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Screen gems: Top movies of 2011

“You know what’s a drag about being a grown-up?” a friend asked the other night. “Nobody makes movies for me anymore.”

He’s not entirely correct, but I know how he feels. Hollywood’s focus on young viewers has been intensifying for decades _ at least since the original “Star Wars,” if not before ― and this year was no exception. From the latest “Pirates of the Caribbean” installment to the third “Transformers” blockbuster, the box-office biggies of 2011 were largely cinematic junk food marketed to the PG-13 crowd. Even the year’s most popular R-rated film, “The Hangover Part II,” seemed made for (and by) enormous eighth-graders. The final chapter of “Harry Potter” was a special case, the rare film that appealed to anybody big enough to sit in a chair.

The dearth of adult fare may explain why Woody Allen’s light comedy “Midnight in Paris” became his biggest-ever financial success in North America. It wasn’t exactly “Annie Hall,” just a whimsical romance starring Owen Wilson as a writer who time travels to the glamorous 1920s. But it was smart, charming and had nothing to do with aliens or men in tights ― manna from heaven for moviegoers of a certain age. Ditto for “The Help,” a racially themed drama that 20 years ago might have been dismissed as Hollywood fluff but today feels well-tempered and refreshing (and there’d be no arguing in any era with the superb performances of Bryce Dallas Howard and Viola Davis).

Unexpectedly, some of the year’s comic-book and sci-fi offerings were also worth noting. “Captain America: The First Avenger” was a marvelous-looking piece of pop entertainment, while “Rise of the Planet of the Apes” gave the campy franchise a jolt of serious energy and could even bring Andy Serkis (as an eerily smart chimp) the first-ever Oscar nod for a motion-capture performance. Special mention goes to “X-Men: First Class,” a smart, snazzy superhero flick with a dollop of minority politics.

My favorite film of the year, “The Artist,” may seem like a typical critics’ pick ― it’s French, black-and-white and silent ― but there is absolutely nothing stuffy or snobby about this movie. The story of an outmoded silent star (Jean Dujardin) and a chatty newcomer (Berenice Bejo), “The Artist” is a genuine crowd-pleaser, full of humor, drama, romance, even dance numbers. As the cigar-chomping moguls used to say, it’s got everything.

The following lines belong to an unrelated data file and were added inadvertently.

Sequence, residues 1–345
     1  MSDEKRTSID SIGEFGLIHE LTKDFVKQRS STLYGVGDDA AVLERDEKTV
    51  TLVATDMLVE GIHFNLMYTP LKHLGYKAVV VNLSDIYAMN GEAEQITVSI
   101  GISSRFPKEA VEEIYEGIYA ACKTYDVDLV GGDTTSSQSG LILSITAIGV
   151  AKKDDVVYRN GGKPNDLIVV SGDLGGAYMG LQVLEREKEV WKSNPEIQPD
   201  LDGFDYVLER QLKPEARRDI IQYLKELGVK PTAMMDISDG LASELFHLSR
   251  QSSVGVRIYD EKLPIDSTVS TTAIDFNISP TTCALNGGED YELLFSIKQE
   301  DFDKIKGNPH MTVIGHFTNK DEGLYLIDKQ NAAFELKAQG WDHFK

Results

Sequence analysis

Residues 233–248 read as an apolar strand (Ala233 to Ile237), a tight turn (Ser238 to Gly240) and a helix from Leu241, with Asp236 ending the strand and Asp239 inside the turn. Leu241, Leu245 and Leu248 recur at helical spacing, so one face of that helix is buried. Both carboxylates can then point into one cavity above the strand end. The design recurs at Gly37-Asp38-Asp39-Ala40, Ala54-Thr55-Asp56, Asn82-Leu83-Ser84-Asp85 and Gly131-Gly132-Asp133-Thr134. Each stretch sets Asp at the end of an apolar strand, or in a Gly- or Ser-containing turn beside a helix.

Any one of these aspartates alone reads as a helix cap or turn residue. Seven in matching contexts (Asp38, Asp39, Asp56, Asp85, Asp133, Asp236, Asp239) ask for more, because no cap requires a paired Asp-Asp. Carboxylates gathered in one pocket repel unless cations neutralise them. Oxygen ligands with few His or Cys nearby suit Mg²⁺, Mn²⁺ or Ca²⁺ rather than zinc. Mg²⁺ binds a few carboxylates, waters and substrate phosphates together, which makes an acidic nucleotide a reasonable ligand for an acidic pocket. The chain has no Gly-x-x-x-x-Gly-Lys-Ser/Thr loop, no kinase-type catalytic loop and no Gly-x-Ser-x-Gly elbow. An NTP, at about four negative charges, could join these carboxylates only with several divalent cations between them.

Though I haven’t seen two of the year’s major contenders ― the Streep-as-Thatcher biopic “The Iron Lady” and David Fincher’s long-awaited version of “The Girl With the Dragon Tattoo” ― here are my top 11 movies for 2011. Grown-ups, take heart.

1. “The Artist”: Not in IMAX, 3-D, color or even sound. But this silent-film throwback is the freshest, most imaginative movie of the year, and one of the most unabashedly romantic.

2. “The Help”: Some criticized its soft treatment of racism, but I was grateful for a message movie that didn’t browbeat me into submission. Funny, tender and filled with great performances, it’s a near-perfect example of intelligent Hollywood entertainment.

3. “Midnight in Paris”: Sometimes Woody Allen still gets it right, as he does in this deceptively light comedy-fable about love, literature and time travel.

4. “Rise of the Planet of the Apes”: This reboot of the hokey franchise proved absolutely electrifying, with hair-raising action and a career-high performance from motion-capture veteran Andy Serkis.

5. “Moneyball”: An unsentimental, cliche-free drama about Major League Baseball, with fine performances from Brad Pitt and ― surprise! ― Jonah Hill as number crunchers dismantling the game they love. It’s a pro-sports but anti-sports movie.

6. “Melancholia”: Lars von Trier’s apocalyptic drama about a chronic depressive (Kirsten Dunst) is designed to provoke strong reactions, not all of them pleasant. Mission accomplished. Whatever you think of it, you won’t soon forget it.

7. “Tinker Tailor Soldier Spy”: A cool, stylish version of the classic British spy novel, with ace performances from Tom Hardy, Colin Firth and Gary Oldman as owl-eyed agent George Smiley. Thomas Alfredson (“Let the Right One In”) is now officially a director to watch.

8. “Martha Marcy May Marlene”: A tense, tingly drama about a young girl fleeing from a violent cult leader (John Hawkes, “Winter’s Bone”). Elizabeth Olsen’s remarkably raw and surely Oscar-worthy performance is not what you’d expect from someone related to the “Full House” twins.

9. “Sleeping Beauty”: Emily Browning (“Sucker Punch”) plays a co-ed moonlighting as a prostitute ― while unconscious. It’s a discomfiting fairy tale from Australian novelist Julia Leigh, who borrows from Stanley Kubrick and feminist filmmaker Chantal Akerman but thanks Jane Campion in the credits.

10. “Magic Trip”: Painstakingly assembled from footage shot by the Merry Pranksters during their famous 1964 bus trip, Alex Gibney’s documentary is a vivid, vibrant chronicle of idealism, recklessness and the start of a revolution.

11. “Captain America: The First Avenger”: A gorgeous, golden-hued action-adventure, with Chris Evans as the best do-gooder since Christopher Reeve. However next year’s “The Avengers” turns out, we’ll always have this.

By Rafer Guzman


(Distributed by MCT Information Services)
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